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Kung Fu Tea

Martial Arts History, Wing Chun and Chinese Martial Studies.

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Jingwu

Jingwu and the Creation of the “Kung Fu” Brand

  Rethinking the Conventional Wisdom Our daily conversations are made up of innumerable facts drawn from what might be termed, “the conventional wisdom.”  The contents of this warehouse of social knowledge are so widely shared that none of us stop... Continue Reading →

Addiction, Wellness and Martial Arts

    Winning and Losing In the movies martial artists win their battles.  Early losses, inserted into a script for the purposes of “character development,” are redeemed in a climatic final scene.  Those of us who train, however, know that... Continue Reading →

Framing Bruce Lee and Leopard Skins in the Chinese Martial Arts

  We take the “concrete and palpable” presence of a thing to attest to the reality of that which we have made it to signify; our fantasies find confirmation in the materiality of things that are composed more of objectified... Continue Reading →

Getting to Know China’s “Ivy League Martial Artists” in the Republican Era

  Introduction This paper was recently read at the International Conference for the 1st World Youth Mastership held at Cheongju University on Nov. 3-4, 2017.  Many thanks go to Prof. Gwang Ok for making this event possible and extending an... Continue Reading →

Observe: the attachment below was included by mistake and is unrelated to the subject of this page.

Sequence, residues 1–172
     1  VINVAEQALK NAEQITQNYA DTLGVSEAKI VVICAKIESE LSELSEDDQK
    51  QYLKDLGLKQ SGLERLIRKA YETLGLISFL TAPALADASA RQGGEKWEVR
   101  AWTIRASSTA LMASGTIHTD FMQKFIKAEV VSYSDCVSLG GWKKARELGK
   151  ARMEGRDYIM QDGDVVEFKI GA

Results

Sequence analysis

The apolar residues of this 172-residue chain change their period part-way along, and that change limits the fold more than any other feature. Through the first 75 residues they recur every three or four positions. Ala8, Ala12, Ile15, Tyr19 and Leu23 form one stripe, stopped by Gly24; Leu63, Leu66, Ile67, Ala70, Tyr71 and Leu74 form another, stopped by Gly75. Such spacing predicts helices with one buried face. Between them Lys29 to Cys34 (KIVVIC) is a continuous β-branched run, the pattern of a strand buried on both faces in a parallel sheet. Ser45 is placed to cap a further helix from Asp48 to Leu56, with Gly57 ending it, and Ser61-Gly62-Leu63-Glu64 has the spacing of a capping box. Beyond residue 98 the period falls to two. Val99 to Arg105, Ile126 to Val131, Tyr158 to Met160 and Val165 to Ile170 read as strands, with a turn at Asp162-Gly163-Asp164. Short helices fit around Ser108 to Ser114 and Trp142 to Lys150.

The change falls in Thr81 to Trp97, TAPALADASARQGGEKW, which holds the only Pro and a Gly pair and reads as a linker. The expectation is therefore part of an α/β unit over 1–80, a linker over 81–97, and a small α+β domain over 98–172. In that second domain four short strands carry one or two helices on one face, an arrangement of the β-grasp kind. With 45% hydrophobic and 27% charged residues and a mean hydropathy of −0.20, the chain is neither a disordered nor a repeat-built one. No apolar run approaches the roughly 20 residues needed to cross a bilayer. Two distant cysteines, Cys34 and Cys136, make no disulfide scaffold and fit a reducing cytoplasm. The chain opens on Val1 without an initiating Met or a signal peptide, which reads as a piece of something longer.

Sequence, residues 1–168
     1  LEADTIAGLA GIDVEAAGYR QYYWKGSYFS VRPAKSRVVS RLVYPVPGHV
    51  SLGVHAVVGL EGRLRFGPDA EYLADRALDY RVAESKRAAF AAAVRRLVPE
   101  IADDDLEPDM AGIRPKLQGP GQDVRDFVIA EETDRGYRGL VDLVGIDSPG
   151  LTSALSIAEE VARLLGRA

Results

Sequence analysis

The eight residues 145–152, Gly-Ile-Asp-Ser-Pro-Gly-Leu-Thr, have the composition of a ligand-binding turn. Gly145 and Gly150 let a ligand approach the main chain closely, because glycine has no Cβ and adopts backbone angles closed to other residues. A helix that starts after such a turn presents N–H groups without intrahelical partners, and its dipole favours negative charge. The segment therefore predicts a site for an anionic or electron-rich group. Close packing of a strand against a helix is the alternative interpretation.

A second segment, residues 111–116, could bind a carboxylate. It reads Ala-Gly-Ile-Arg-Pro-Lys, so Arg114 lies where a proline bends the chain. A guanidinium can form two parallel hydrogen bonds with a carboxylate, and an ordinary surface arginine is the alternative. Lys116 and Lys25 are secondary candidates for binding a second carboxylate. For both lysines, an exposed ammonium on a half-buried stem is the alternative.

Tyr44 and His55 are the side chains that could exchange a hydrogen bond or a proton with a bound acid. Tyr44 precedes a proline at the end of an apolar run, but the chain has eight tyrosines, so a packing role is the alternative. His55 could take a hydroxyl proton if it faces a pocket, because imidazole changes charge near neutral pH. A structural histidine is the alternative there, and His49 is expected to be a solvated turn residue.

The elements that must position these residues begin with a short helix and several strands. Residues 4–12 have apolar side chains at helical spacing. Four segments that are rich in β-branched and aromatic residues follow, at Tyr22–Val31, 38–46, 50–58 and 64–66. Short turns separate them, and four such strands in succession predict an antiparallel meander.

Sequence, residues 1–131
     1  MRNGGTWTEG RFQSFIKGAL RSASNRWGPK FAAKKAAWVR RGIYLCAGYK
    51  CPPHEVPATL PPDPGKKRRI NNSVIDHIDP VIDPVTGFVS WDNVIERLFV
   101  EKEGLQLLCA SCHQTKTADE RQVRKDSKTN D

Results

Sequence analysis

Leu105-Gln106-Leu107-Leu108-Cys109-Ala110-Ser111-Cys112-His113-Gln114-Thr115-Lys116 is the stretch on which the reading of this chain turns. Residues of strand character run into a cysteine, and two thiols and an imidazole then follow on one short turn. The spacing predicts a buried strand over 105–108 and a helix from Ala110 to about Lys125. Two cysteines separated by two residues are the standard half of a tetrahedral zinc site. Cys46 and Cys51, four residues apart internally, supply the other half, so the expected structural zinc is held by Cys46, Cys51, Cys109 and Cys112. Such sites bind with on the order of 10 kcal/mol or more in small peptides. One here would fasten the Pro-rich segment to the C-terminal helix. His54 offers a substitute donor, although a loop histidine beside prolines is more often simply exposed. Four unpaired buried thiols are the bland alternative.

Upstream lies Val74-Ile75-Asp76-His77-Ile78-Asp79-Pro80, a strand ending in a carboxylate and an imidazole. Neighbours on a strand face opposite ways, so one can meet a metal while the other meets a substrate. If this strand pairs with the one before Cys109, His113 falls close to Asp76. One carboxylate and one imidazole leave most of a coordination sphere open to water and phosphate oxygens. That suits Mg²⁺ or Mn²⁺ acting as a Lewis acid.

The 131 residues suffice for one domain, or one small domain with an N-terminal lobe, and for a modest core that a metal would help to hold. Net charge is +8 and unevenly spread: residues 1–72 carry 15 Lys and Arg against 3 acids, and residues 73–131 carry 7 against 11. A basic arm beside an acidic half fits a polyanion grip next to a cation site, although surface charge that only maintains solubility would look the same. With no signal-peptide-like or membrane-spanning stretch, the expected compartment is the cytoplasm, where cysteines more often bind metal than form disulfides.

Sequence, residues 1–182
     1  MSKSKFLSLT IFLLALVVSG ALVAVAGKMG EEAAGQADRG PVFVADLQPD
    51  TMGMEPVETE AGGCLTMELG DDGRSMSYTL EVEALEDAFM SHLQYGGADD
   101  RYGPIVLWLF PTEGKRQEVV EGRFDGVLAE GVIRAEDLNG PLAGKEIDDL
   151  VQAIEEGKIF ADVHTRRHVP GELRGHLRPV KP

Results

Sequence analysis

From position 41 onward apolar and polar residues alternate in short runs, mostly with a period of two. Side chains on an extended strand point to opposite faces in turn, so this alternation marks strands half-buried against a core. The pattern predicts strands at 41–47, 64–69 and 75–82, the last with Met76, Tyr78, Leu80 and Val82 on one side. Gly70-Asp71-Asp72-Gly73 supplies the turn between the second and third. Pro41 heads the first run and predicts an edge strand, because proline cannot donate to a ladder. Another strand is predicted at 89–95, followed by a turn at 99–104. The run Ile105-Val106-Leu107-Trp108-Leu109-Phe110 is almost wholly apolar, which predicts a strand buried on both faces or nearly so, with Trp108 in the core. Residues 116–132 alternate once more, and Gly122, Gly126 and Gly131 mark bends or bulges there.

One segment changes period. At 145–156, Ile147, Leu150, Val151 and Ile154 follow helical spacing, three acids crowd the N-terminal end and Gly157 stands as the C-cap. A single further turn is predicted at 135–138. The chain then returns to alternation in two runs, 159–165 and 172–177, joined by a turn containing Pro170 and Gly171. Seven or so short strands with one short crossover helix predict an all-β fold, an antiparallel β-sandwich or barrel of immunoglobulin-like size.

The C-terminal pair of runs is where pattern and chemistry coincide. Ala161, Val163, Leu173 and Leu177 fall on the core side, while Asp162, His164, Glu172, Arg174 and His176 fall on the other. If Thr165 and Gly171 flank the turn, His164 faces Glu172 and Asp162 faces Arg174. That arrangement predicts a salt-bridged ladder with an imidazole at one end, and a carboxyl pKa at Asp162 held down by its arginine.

Li Pei Xian and the Evolution of Modern Chinese “Martial Arts”

    ***Greetings! I am currently preparing for the upcoming Martial Arts Studies conference in Cardiff.  As such we will be taking a deep dive into the archives for today's post.  This essay and biographical sketch was first published four... Continue Reading →

Traditional Chinese Martial Arts and the “YMCA Consensus”

      ***I am very excited to introduce the following guest post by my friend Scott Phillips.  In this essay Scott draws on his extensive study of modern Chinese religious and social history in an attempt to develop a... Continue Reading →

Research Notes: Jingwu and the Female Martial Artists of 1920

    Introduction     I am interested in the frequent, seemingly unconscious, way in which the word “traditional” is appended to the name “martial arts” in modern speech and writing.  One does not simply study “Japanese wrestling” or “Chinese... Continue Reading →

Research Notes: Foshan’s Kung Fu in 1919.

    First, the Important Stuff   Is it possible to approach history without theory?  I think not.  It is the existence of some sort of preexisting story or framework of understanding that we carry around in our heads which... Continue Reading →

Research Notes: Foreign Attitudes towards Kung Fu in Colonial Hong Kong

  The TCMA as a Perpetual Revival Movement   Kung Fu has an odd relationship with the past. It seems that for the last century (at least) each generation has discovered the beauty of the Chinese martial arts only to... Continue Reading →

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